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The well co-ordinated and active Depression and Anxiety Support Group not only benefits anxiety and depression sufferers in the community, but also decreases the demands made on health-care professionals and increases awareness in the community. Zane Wilson started the South African Anxiety Disorders Support Group in September 1995 as a non-profit, privately funded support group. At the beginning of 2001, its membership has grown to over 14,000, with 150 active regional support groups.

The first obvious benefit of the Support Group is the free information and support that is available for all anxiety and depression sufferers. There is a full-time staff of three headquartered in Sandton, and trained volunteer counsellors to man the phones from 8a.m. to 7p.m. on weekdays, Saturdays from 8a.m. – 5p.m. and Sundays from 9a.m. – 1p.m.. The counsellors provide referrals to expert health-care professionals, send out information packs to members and distribute resource material such as books, audio- and videotapes. Pretoria Psychiatrist, Dr. Anne-Marie Potgieter believes that this service, in itself, is of great value: “[The sufferer] comes into contact with people that are knowledgeable. I have so many people coming to my office because they have been referred to me, not by doctors or psychiatrists, but by the support group. We can never underestimate the role of a support group.”

The counsellors have been trained to deal with a variety of anxiety and depression issues and have an extensive knowledge of self-help suggestions, cognitive behavioural therapy and suicide. In Gauteng, there are also help-lines manned by people who have personally experienced anxiety and recovered significantly enough in order to counsel others.

This easy access to vital information and numbers, and knowing that there is always an understanding voice on the other side of the telephone line, makes a remarkable difference to the lives of sufferers. They are reassured by the fact that there are others experiencing similar symptoms and are empowered by the information they receive. June, one of the group’s longest standing members, suffered for thirty-eight years without a proper diagnosis. Two years ago, she phoned in to speak to a counsellor: “I was so excited [when I phoned in] because I realised that I was speaking to somebody that actually understood...no doctor had ever understood me.”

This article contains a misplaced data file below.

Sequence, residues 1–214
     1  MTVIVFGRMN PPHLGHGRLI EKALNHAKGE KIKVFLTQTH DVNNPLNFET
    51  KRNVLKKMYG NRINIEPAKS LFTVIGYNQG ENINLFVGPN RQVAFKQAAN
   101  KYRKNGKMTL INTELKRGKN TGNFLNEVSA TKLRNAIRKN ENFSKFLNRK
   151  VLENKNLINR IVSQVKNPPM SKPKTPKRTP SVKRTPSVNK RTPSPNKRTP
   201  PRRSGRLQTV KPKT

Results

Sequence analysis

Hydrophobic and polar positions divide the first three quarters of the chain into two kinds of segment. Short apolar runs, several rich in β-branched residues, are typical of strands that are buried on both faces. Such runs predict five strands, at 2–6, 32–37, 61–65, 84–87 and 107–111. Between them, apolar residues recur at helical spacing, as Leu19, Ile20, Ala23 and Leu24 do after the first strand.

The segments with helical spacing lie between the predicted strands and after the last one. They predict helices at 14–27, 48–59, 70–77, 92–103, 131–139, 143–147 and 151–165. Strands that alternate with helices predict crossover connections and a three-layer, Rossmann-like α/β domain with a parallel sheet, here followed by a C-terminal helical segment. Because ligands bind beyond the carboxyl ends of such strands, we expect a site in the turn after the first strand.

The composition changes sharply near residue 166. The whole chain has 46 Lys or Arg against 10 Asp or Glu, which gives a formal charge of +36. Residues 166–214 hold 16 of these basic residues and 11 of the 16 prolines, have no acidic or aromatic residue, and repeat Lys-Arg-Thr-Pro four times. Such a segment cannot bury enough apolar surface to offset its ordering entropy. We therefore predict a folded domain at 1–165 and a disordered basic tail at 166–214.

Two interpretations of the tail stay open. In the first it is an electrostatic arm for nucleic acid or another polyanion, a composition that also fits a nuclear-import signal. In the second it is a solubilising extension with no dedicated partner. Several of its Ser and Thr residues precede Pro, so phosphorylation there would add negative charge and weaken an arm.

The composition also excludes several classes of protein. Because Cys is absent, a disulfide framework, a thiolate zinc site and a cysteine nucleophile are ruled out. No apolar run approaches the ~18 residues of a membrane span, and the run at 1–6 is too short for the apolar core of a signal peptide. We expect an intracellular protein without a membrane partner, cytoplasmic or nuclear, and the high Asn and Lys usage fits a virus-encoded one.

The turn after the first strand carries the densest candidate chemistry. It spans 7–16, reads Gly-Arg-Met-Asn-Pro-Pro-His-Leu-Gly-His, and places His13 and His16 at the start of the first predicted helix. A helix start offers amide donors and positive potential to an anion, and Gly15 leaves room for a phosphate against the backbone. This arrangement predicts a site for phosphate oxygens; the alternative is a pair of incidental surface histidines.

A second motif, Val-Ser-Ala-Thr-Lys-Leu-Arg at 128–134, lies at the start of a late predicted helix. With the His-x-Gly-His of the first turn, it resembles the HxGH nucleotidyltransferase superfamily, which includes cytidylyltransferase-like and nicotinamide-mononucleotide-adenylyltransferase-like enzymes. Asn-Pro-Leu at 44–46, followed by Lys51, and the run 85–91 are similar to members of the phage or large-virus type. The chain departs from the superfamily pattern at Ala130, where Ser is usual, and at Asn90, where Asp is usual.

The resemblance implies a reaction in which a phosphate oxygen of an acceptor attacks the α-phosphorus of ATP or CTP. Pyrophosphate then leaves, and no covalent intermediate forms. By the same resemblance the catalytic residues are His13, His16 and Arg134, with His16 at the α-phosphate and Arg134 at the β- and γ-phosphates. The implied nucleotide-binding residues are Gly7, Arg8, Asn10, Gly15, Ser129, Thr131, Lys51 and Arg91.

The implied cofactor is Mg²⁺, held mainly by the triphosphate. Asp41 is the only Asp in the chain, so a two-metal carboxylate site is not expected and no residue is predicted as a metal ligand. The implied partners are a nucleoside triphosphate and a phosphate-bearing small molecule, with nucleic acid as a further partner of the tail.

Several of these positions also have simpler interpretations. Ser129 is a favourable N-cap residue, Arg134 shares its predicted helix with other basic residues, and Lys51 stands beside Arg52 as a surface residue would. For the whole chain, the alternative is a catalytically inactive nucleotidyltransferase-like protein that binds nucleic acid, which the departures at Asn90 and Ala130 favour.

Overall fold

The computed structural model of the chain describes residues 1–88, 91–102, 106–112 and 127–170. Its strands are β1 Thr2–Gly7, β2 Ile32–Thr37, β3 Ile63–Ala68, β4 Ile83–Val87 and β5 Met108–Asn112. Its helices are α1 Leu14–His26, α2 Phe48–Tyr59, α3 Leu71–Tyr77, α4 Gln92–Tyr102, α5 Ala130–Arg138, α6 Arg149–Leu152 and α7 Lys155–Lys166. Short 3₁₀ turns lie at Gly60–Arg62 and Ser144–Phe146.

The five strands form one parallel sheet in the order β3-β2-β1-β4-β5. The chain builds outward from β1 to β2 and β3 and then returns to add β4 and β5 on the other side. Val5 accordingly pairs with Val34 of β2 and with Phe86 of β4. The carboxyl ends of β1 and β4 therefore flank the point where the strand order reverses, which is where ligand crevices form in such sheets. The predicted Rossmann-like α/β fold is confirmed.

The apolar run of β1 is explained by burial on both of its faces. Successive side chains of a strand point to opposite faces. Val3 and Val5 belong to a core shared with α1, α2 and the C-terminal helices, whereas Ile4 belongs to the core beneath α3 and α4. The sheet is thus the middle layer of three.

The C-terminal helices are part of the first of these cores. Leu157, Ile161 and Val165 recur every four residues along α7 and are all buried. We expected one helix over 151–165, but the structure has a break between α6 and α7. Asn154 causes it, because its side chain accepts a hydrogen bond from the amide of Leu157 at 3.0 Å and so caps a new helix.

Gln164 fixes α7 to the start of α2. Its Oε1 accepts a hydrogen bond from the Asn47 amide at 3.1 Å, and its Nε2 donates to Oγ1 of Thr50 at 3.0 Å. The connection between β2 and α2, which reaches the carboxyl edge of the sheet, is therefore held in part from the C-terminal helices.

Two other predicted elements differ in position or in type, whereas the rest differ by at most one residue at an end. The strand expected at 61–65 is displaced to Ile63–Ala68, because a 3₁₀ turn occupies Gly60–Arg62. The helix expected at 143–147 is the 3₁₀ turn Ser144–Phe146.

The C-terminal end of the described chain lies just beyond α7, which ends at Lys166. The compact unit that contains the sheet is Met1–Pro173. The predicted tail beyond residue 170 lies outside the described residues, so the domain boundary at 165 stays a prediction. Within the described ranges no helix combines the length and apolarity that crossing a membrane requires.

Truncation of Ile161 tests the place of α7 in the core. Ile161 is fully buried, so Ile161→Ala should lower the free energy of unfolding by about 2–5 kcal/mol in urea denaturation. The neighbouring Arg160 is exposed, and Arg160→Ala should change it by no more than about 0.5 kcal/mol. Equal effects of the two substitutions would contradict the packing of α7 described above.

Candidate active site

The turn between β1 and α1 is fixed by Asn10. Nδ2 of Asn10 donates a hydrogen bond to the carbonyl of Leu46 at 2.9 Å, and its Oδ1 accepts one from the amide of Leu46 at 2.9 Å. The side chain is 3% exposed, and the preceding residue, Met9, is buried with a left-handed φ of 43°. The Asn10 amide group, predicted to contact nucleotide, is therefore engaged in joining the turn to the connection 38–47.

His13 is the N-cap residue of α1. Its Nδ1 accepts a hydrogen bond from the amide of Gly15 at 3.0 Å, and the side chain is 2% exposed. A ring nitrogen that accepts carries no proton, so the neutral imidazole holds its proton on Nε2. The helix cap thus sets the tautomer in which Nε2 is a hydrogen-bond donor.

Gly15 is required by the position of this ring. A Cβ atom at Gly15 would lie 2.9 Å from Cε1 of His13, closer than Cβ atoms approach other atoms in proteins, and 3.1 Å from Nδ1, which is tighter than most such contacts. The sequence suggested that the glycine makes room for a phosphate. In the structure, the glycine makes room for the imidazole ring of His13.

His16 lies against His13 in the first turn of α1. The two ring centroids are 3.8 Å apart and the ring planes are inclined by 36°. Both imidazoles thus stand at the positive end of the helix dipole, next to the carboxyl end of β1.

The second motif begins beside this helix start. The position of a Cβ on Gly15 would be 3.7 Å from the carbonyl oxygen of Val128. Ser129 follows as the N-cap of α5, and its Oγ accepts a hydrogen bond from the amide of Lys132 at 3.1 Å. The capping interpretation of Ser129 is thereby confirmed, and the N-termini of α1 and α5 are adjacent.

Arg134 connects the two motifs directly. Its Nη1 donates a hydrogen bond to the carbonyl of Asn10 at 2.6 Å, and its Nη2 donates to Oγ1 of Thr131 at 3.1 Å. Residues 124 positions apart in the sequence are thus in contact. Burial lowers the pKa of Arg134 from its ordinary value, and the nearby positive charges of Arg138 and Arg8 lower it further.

Self-empowerment has been taken one step further with the establishment of over 150 regional support groups throughout South Africa. These groups are run by regional co-ordinators and generally meet once a month. Members build special friendships and supportive relationships with other people experiencing similar difficulties. The knowledge that another person truly understands and can empathise with the sufferer brings a great sense of relief. Participation in the Support Groups is voluntary, with no commitments or forced disclosures required.

On a practical level, the members of the regional support groups learn goal setting, cognitive relaxation methods and other helpful techniques. They are given full backing by the main support group, which often organises for guest speakers – including psychiatrists, psychologists, doctors, phobic aids and fellow sufferers – to address the meetings from time to time. The main support group also supplies regional groups with written material, video- and audiotapes, and other logistical support.

Research has shown these kinds of smaller self-help groups to be a means of enhanced self-care. Firstly, the social support provided by these groups tends to maximise the immuno-competence of people enduring severe stress. Secondly, the knowledge, skills and attitudes of self-efficacy that they promote tend to make members more effective caregivers. [Reference: Stewart M.J. Expanding Theoretical Conceptualisations of Self-Help Groups. Soc. Sci. Med. 1990; Vol. 31, 9: 1057 – 1066].

The Depression and Anxiety Support Group works closely in conjunction with a number of health care professionals and organisations, and thus forms a complementary network between the self-help group and health professionals. Dr Franco Colin, a member of the advisory board, sees the Support Group as playing an essential role in decreasing the burden on the over-worked health sector by delivering an excellent service to patients and their families.

Furthermore Dr Dan Stein of the MRC Research Unit on Anxiety Disorders points out that anxiety and mood disorders are amongst the most common of the mental disorders and together make up a substantial portion of the costs of mental illness. These costs include not only the direct costs of treatment, but also the indirect costs of loss of income and of dysfunction at work. There is growing evidence that organisations such as the Support Group, which promote appropriate treatment of mood and anxiety disorders, are cost-effective interventions.